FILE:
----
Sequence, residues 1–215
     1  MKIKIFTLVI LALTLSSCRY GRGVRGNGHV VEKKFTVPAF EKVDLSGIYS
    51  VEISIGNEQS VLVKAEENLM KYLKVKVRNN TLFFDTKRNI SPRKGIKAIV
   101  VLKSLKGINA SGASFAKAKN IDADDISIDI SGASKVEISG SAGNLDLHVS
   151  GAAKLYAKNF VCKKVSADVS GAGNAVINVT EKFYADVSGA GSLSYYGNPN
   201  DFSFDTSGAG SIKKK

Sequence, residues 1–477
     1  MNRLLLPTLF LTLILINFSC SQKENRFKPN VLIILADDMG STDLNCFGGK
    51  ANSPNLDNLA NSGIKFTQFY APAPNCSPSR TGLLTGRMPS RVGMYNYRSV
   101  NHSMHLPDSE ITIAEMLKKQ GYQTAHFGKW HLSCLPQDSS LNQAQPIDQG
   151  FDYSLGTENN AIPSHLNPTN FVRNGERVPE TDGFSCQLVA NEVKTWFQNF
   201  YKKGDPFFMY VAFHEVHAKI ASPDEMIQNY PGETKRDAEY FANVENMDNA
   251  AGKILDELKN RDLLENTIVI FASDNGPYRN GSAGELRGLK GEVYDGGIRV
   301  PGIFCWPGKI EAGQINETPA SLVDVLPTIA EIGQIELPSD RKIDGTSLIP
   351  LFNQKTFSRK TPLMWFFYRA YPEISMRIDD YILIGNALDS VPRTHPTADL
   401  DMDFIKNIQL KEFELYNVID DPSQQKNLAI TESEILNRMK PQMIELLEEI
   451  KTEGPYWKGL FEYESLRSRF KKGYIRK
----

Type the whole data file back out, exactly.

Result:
Sequence, residues 1–215
     1  MKIKIFTLVI LALTLSSCRY GRGVRGNGHV VEKKFTVPAF EKVDLSGIYS
    51  VEISIGNEQS VLVKAEENLM KYLKVKVRNN TLFFDTKRNI SPRKGIKAIV
   101  VLKSLKGINA SGASFAKAKN IDADDISIDI SGASKVEISG SAGNLDLHVS
   151  GAAKLYAKNF VCKKVSADVS GAGNAVINVT EKFYADVSGA GSLSYYGNPN
   201  DFSFDTSGAG SIKKK

Sequence, residues 1–477
     1  MNRLLLPTLF LTLILINFSC SQKENRFKPN VLIILADDMG STDLNCFGGK
    51  ANSPNLDNLA NSGIKFTQFY APAPNCSPSR TGLLTGRMPS RVGMYNYRSV
   101  NHSMHLPDSE ITIAEMLKKQ GYQTAHFGKW HLSCLPQDSS LNQAQPIDQG
   151  FDYSLGTENN AIPSHLNPTN FVRNGERVPE TDGFSCQLVA NEVKTWFQNF
   201  YKKGDPFFMY VAFHEVHAKI ASPDEMIQNY PGETKRDAEY FANVENMDNA
   251  AGKILDELKN RDLLENTIVI FASDNGPYRN GSAGELRGLK GEVYDGGIRV
   301  PGIFCWPGKI EAGQINETPA SLVDVLPTIA EIGQIELPSD RKIDGTSLIP
   351  LFNQKTFSRK TPLMWFFYRA YPEISMRIDD YILIGNALDS VPRTHPTADL
   401  DMDFIKNIQL KEFELYNVID DPSQQKNLAI TESEILNRMK PQMIELLEEI
   451  KTEGPYWKGL FEYESLRSRF KKGYIRK